HTZ: And the art of archery, too. You can see how it all fits with the samurai aesthetic and vision of life. How does Buddhism get wrapped up in the techniques of violence and killing of samurai culture, which in many ways culminated in kamikaze culture? This led me to a kind of inconsistency at the root of Kyoto School philosophy. For example, Kitaro Nishida’s foundational concept of zettai mu, or “absolute nothingness”: It is absolute but nothing at the same time. It is intuited through Zen discipline, yet at the same time it also became the foundation of a philosophical system based on rational thought and argument. In hindsight, the feeling of this inconsistency began proliferating through all the things I was researching, and that in turn informed my understanding of the censorship controversy at Aichi. Japan’s constitution guarantees freedom of expression, but you also have politicians, such as Nagoya mayor Takashi Kawamura, who use the mass media and social media to subvert the constitution.
I am a great admirer of many aspects of Japanese traditional and contemporary culture, but there are also definitely parts that disturb me. Perhaps the beauty and the terror are inextricably entwined together. So that’s where I am a few months after Aichi. I am still working out for myself what this means or where we can go from here.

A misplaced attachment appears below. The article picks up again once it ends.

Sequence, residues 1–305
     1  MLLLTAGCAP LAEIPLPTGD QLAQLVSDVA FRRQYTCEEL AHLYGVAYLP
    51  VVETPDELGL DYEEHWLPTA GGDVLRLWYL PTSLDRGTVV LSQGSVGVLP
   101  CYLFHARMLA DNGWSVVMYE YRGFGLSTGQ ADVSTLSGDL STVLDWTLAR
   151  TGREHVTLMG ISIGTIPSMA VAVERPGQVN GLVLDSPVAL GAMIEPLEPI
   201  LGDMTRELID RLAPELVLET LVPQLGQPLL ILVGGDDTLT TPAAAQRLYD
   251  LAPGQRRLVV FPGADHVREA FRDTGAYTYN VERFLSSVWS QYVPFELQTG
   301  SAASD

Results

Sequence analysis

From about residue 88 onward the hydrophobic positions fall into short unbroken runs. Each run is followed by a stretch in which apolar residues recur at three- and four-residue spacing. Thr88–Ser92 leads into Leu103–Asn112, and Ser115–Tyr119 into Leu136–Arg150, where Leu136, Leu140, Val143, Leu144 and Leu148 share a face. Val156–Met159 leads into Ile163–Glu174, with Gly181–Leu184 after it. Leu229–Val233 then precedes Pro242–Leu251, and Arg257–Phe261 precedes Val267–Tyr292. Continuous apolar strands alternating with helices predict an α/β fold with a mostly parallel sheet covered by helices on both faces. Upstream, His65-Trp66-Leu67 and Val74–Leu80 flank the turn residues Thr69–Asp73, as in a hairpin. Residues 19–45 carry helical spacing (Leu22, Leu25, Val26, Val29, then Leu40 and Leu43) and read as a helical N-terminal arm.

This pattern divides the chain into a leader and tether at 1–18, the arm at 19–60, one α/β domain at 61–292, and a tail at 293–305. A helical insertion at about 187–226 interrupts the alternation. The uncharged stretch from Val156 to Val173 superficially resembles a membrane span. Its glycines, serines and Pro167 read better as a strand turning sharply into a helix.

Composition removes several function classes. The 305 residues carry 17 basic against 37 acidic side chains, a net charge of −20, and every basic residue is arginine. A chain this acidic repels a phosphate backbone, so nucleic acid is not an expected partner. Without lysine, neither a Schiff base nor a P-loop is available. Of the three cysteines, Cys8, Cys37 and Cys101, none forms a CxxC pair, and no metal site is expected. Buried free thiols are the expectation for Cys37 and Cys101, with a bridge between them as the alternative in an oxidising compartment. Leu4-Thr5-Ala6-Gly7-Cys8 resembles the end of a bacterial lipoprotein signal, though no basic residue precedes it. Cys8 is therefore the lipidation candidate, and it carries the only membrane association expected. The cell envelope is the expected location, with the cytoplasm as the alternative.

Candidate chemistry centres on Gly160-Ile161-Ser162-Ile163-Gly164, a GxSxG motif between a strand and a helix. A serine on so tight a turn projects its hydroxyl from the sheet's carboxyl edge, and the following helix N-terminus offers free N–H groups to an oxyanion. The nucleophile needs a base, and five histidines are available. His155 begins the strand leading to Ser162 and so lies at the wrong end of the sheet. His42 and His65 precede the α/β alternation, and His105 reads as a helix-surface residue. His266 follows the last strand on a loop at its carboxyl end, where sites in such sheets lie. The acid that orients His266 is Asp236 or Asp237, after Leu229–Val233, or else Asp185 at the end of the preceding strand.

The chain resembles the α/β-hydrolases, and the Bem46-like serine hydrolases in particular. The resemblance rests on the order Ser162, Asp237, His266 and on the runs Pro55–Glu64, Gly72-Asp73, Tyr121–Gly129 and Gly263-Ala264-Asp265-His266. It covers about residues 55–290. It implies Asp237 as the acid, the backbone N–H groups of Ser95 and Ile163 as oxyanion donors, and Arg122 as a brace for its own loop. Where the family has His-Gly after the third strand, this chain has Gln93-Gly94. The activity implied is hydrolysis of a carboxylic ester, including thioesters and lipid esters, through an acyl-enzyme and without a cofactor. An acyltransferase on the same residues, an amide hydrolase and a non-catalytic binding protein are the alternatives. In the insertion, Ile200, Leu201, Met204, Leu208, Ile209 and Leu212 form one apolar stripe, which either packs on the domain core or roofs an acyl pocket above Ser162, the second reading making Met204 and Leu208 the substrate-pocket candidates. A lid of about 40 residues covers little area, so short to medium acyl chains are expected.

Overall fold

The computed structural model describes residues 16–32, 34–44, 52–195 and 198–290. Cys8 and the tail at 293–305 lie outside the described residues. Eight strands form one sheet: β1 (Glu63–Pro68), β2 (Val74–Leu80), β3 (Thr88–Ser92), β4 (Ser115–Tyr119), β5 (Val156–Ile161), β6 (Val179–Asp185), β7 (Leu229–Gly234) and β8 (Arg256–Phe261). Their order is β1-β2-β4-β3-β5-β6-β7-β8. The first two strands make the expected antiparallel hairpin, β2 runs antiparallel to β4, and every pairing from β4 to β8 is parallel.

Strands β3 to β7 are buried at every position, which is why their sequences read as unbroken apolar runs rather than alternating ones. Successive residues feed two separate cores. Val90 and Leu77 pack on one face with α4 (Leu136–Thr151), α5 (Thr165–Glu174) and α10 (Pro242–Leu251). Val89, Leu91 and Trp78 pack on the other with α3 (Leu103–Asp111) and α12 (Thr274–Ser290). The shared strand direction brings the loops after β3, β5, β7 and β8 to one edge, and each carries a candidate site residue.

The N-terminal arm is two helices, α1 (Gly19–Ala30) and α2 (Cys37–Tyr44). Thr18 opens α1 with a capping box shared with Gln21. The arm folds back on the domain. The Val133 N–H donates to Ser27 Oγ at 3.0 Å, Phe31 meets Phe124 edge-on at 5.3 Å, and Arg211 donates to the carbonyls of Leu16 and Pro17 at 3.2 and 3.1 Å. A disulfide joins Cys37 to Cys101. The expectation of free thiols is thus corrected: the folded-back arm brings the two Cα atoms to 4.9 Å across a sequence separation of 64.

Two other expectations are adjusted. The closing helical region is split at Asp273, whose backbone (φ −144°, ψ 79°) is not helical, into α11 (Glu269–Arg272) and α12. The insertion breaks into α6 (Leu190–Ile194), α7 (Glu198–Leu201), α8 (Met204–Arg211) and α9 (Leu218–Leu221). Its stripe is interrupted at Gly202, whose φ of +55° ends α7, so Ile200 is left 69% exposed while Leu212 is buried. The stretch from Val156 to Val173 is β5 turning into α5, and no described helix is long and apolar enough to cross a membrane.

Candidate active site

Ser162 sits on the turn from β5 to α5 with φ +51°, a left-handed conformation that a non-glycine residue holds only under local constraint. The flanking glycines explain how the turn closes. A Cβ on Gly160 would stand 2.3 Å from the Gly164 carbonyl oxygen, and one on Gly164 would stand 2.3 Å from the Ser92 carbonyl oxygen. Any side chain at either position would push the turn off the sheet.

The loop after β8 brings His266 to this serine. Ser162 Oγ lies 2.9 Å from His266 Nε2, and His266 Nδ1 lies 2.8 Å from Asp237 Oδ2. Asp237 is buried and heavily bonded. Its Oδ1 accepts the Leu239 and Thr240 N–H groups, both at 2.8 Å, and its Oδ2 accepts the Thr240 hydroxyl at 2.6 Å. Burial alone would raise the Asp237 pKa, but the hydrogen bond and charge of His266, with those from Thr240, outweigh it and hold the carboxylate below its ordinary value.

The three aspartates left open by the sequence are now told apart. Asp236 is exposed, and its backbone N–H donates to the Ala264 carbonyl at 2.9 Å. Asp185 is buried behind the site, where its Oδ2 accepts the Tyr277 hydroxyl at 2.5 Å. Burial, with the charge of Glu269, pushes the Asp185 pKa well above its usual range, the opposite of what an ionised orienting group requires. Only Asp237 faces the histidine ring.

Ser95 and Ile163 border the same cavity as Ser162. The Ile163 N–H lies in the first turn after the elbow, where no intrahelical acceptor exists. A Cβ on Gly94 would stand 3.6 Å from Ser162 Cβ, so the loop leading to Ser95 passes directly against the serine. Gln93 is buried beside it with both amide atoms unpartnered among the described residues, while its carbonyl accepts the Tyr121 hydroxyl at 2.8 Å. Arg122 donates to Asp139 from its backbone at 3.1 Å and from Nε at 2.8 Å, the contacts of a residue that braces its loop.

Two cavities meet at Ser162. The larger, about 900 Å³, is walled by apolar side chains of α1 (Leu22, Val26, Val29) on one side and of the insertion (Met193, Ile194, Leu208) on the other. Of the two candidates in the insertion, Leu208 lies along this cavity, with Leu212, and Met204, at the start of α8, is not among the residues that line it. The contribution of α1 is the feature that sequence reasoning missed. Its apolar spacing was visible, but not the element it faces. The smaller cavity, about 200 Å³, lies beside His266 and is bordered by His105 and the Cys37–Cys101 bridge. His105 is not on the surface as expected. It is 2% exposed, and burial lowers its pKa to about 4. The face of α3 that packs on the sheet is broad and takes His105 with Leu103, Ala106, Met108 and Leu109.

Still from Hotel Aporia (2019).

ART iT: Then in a sense your Aichi work is only a provisional thesis?

HTN: You can say that the work exists because I could not figure things out. Since I started consciously researching this subject only two years ago, I had no illusions that I would arrive at any answers that might be useful for anyone else within that time. But while I am committed to getting answers on a personal level, I am interested in questions that have no easy answers in my works. One of the starting points for this work was the Kyoto School. But I began thinking about the former ryokan that the curator Yoko Nose wanted me to work in, Kirakutei, as a literal hotel. A hotel to be populated by not only the second generation thinkers of the Kyoto School, but also their contemporaries: the animator Ryuichi Yokoyama, the film director Yasujiro Ozu, the Kusanagi unit of kamikaze pilots and the landlady of the Kirakutei.